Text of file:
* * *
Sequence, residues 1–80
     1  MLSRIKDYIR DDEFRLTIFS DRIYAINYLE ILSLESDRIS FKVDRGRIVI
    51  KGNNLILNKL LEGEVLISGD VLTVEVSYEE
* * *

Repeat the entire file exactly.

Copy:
Sequence, residues 1–80
     1  MLSRIKDYIR DDEFRLTIFS DRIYAINYLE ILSLESDRIS FKVDRGRIVI
    51  KGNNLILNKL LEGEVLISGD VLTVEVSYEE